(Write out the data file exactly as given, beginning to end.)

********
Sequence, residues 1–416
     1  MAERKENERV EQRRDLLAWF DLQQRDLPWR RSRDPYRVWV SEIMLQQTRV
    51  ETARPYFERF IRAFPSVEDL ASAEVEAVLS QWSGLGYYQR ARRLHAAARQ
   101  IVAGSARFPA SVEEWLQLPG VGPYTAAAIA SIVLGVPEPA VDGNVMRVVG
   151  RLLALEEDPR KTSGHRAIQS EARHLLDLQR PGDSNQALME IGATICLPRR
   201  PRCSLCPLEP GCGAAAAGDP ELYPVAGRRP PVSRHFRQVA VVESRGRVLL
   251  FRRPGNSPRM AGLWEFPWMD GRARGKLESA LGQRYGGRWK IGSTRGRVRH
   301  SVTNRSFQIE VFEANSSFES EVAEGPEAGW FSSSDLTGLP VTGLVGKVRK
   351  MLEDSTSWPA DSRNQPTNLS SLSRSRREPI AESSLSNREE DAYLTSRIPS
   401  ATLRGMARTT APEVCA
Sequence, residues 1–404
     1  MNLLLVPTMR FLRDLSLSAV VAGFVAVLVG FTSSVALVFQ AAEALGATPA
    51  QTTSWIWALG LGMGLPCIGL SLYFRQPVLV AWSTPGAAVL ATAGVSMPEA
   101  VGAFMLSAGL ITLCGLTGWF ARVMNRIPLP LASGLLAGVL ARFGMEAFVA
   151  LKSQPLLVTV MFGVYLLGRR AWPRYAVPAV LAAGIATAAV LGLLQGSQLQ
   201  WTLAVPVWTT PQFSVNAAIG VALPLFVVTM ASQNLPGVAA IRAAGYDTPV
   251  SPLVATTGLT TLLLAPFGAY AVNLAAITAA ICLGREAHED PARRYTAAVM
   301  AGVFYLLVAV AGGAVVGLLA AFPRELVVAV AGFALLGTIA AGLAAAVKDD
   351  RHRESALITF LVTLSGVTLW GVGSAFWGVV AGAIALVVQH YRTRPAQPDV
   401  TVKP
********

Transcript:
Sequence, residues 1–416
     1  MAERKENERV EQRRDLLAWF DLQQRDLPWR RSRDPYRVWV SEIMLQQTRV
    51  ETARPYFERF IRAFPSVEDL ASAEVEAVLS QWSGLGYYQR ARRLHAAARQ
   101  IVAGSARFPA SVEEWLQLPG VGPYTAAAIA SIVLGVPEPA VDGNVMRVVG
   151  RLLALEEDPR KTSGHRAIQS EARHLLDLQR PGDSNQALME IGATICLPRR
   201  PRCSLCPLEP GCGAAAAGDP ELYPVAGRRP PVSRHFRQVA VVESRGRVLL
   251  FRRPGNSPRM AGLWEFPWMD GRARGKLESA LGQRYGGRWK IGSTRGRVRH
   301  SVTNRSFQIE VFEANSSFES EVAEGPEAGW FSSSDLTGLP VTGLVGKVRK
   351  MLEDSTSWPA DSRNQPTNLS SLSRSRREPI AESSLSNREE DAYLTSRIPS
   401  ATLRGMARTT APEVCA
Sequence, residues 1–404
     1  MNLLLVPTMR FLRDLSLSAV VAGFVAVLVG FTSSVALVFQ AAEALGATPA
    51  QTTSWIWALG LGMGLPCIGL SLYFRQPVLV AWSTPGAAVL ATAGVSMPEA
   101  VGAFMLSAGL ITLCGLTGWF ARVMNRIPLP LASGLLAGVL ARFGMEAFVA
   151  LKSQPLLVTV MFGVYLLGRR AWPRYAVPAV LAAGIATAAV LGLLQGSQLQ
   201  WTLAVPVWTT PQFSVNAAIG VALPLFVVTM ASQNLPGVAA IRAAGYDTPV
   251  SPLVATTGLT TLLLAPFGAY AVNLAAITAA ICLGREAHED PARRYTAAVM
   301  AGVFYLLVAV AGGAVVGLLA AFPRELVVAV AGFALLGTIA AGLAAAVKDD
   351  RHRESALITF LVTLSGVTLW GVGSAFWGVV AGAIALVVQH YRTRPAQPDV
   401  TVKP